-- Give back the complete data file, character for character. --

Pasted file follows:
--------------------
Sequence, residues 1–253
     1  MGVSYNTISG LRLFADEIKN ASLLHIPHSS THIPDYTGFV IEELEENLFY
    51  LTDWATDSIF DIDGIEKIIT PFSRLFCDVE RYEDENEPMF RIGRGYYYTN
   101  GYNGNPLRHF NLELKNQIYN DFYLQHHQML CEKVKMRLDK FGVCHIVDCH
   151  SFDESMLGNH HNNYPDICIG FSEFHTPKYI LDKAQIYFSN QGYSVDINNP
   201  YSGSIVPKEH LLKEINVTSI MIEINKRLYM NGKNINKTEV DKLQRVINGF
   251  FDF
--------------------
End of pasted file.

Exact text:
Sequence, residues 1–253
     1  MGVSYNTISG LRLFADEIKN ASLLHIPHSS THIPDYTGFV IEELEENLFY
    51  LTDWATDSIF DIDGIEKIIT PFSRLFCDVE RYEDENEPMF RIGRGYYYTN
   101  GYNGNPLRHF NLELKNQIYN DFYLQHHQML CEKVKMRLDK FGVCHIVDCH
   151  SFDESMLGNH HNNYPDICIG FSEFHTPKYI LDKAQIYFSN QGYSVDINNP
   201  YSGSIVPKEH LLKEINVTSI MIEINKRLYM NGKNINKTEV DKLQRVINGF
   251  FDF